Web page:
- Alex Springer
Over the past few months, The Gateway has become an example of taking risky life choices and seeing how they pay off. Nothing embodies this devil-may-care attitude quite like the types of restaurants that have taken up residence at the downtown shopping center. As fascinating as these new eateries have been to observe, the jury is still out on their overall staying power. The Gateway is having a moment, and only time will tell how that moment plays out. For a first-hand look at its sleek new stable of eateries, my family and I went to HallPass (153 S. Rio Grande St., Ste. 107, 801-415-9886), which has built up some solid buzz for itself as Utah's very first food hall, which is a lot like a neighborhood food truck night without the lingering smell of exhaust in the air.
The entire concept is anchored by a restaurant called SkinnyFATS (skinnyfats.com) a trendy Las Vegas-based eatery that has been making a name for itself in the fast-casual circuit. At the moment, HallPass includes eight concepts including a SkinnyFATS location. Each features smaller, focused menus that center around a particular dish or type of food. For example, Blaze of Thunder serves up Nashville hot chicken sandwiches and Raining Ramen offers a variety of the popular Japanese noodle soup.
Upon entering HallPass for the first time, the dizzying architecture evokes a very Vegas feel—it's very easy to become lost as you navigate the maze-like food hall. Not that getting lost here is a bad thing. Exploring its nooks and crannies offers plenty of time to plan out the perfect menu. When we visited, I had a serious hankering for a lobster roll, so we did the rounds and ended up at Colossal Lobster. They serve up both Maine and Connecticut lobster rolls ($15)—the Connecticut variety serves its lobster warmed up and slathered in clarified butter while the Maine selection is cool and mayo-based.
Once you've placed an order, you get a restaurant-specific pager that'll go off when it's ready. While waiting for the lobster-y goodness that was in store, we also decided to try out something from SkinnyFATS's pun-laden menu. Their More Cow Bowl ($12.95) consists of teriyaki filet mignon, cauliflower, Portobello mushrooms and peppers atop a layer of egg fried rice. Next on the list was to find something for our two-year-old, which was actually a bit of a struggle. The side mac and cheese ($4) from Blaze of Thunder ended up being the best option.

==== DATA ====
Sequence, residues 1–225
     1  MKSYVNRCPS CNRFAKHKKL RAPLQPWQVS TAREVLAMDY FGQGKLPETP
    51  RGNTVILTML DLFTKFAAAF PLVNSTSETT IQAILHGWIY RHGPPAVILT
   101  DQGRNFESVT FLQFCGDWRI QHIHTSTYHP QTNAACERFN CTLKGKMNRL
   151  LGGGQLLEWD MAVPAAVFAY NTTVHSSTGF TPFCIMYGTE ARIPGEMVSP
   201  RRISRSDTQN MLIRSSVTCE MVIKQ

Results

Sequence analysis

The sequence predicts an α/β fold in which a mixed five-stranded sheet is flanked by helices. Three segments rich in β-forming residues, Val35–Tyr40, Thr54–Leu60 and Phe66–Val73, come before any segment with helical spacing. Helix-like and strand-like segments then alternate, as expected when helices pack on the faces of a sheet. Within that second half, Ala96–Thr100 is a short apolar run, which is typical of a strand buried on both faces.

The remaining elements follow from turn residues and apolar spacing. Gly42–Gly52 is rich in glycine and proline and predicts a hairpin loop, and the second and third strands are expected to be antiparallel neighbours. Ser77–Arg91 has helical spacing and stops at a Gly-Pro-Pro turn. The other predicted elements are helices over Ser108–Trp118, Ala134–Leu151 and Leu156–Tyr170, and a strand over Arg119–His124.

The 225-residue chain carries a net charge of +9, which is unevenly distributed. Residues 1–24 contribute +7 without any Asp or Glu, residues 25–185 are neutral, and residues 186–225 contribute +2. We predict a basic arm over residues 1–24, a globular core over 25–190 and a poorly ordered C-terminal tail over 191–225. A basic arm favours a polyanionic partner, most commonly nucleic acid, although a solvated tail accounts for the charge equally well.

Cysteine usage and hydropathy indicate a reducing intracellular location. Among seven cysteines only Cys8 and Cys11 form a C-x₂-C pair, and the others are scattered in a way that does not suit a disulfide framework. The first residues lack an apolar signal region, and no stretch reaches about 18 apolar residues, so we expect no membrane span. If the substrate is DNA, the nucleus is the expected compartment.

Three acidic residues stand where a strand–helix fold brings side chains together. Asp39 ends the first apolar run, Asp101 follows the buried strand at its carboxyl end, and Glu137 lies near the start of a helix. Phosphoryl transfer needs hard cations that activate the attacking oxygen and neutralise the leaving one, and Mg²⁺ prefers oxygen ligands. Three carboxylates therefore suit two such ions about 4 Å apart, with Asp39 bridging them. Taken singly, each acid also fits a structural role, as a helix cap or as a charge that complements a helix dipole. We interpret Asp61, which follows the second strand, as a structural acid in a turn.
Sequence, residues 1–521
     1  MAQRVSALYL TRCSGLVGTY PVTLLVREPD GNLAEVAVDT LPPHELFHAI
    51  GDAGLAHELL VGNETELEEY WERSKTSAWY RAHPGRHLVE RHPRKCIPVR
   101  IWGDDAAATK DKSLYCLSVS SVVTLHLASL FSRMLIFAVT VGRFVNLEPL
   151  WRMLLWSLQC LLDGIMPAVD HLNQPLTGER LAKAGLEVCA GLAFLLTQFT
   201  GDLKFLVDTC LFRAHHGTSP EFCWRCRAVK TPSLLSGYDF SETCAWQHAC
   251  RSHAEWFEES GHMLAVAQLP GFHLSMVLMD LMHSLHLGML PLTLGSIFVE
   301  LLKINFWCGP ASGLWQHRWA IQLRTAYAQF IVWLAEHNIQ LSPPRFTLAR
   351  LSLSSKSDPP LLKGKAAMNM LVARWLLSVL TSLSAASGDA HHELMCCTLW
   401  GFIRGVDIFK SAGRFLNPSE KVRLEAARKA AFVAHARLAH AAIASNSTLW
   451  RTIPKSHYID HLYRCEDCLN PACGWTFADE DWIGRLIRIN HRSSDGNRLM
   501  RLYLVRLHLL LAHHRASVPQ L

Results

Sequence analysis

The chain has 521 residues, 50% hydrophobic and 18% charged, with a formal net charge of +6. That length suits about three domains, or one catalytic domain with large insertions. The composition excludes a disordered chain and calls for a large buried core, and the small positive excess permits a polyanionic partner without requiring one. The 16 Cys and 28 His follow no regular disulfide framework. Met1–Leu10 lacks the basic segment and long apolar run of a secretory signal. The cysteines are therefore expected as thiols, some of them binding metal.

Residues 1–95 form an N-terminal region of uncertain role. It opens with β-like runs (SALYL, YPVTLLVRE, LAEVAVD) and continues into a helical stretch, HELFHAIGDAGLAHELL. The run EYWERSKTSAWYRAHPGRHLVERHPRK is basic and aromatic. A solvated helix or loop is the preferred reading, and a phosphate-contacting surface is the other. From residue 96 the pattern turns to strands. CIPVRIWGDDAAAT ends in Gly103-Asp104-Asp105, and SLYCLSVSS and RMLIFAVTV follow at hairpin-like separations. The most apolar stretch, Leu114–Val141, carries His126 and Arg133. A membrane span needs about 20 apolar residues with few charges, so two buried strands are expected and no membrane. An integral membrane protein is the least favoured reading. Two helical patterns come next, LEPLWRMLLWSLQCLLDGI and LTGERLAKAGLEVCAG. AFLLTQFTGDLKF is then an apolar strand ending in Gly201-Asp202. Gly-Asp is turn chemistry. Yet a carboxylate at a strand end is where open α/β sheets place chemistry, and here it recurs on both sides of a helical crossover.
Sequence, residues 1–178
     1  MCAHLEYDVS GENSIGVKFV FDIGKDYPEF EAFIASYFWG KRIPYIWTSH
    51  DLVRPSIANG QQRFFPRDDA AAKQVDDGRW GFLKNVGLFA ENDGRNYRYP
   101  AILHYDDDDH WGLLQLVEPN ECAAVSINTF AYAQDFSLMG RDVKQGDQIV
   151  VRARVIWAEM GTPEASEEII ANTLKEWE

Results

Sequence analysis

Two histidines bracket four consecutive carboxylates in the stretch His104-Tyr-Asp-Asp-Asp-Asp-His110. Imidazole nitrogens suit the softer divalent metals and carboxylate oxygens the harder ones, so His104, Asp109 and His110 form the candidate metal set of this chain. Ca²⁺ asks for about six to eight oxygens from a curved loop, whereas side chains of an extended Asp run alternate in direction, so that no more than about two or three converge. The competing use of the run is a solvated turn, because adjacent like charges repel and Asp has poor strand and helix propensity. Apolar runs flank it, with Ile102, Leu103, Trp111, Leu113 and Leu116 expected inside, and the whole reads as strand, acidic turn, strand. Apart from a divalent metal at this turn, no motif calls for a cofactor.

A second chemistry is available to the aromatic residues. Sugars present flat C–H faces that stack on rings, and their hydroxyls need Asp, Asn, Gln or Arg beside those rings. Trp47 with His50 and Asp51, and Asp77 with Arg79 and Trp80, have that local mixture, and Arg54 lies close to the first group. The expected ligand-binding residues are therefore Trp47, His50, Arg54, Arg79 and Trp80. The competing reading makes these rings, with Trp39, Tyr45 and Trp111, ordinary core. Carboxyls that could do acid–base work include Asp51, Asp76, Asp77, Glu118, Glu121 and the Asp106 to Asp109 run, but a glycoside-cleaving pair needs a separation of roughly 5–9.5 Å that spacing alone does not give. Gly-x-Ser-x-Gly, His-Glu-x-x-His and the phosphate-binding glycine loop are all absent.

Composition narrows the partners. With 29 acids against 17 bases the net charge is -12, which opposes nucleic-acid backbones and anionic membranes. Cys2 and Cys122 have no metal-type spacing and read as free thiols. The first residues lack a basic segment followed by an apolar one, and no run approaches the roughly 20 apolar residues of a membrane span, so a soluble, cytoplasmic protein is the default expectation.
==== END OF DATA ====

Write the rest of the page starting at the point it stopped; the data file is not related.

When our respective pagers went off, we collected our bounty and snagged a spot near the entrance. I've been trying to get my daughter into lobster rolls, but it'll surely take her some time to warm up to the idea. When she's ready to take that journey, I wouldn't hesitate to bring her back. Salt Lake has only recently been introduced to these coastal favorites, and our smattering of lobster rollers have set the bar pretty damn high. That said, I'd wager any lobster roll aficionado would be happy with the offerings that Colossal is throwing down. Visually, this is a textbook presentation. A toasted, buttery bun overstuffed with perfectly cooked lobster, claw meat poking out of each end much like a Christmas present. The meat and mayo ratio is spot on, and there's just enough citrus flavor to make everything stand up and sing.
SkinnyFATS' More Cow Bowl is a good representation of what they're trying to do—the menu is supposed to be half healthy, half not so much. Our choice came from the latter side of the menu, but I appreciated the plethora of veggies that were partying with the teriyaki-bathed filet mignon. At the end of the day, this is a rice bowl like unto other fast-casual offerings, but it does start off stronger than its food pile cousins. The filet is tasty, and the veggies add a pop of freshness, so there's no griping with the quality of ingredients. Toward the end of the bowl, however, the liberal dose of teriyaki sauce starts to overwhelm the whole dish.
Though Blaze's mac and cheese was good enough for me to steal a few bites—creamy and melty with just the right amount of salt to keep things grounded—it's surprising that HallPass isn't a bit more family-friendly.
Building on its buzz, now would be a good time for its eateries to expand their menus and offer a few more options for the budding gourmand. The cool thing about HalPass is that it's constantly evolving, so chances are it's in the cards. It's the kind of place that warrants repeat visits for several different reasons, but I'm very much looking forward to seeing how this place uses its platform to expand and bring new and exciting flavors to the downtown area.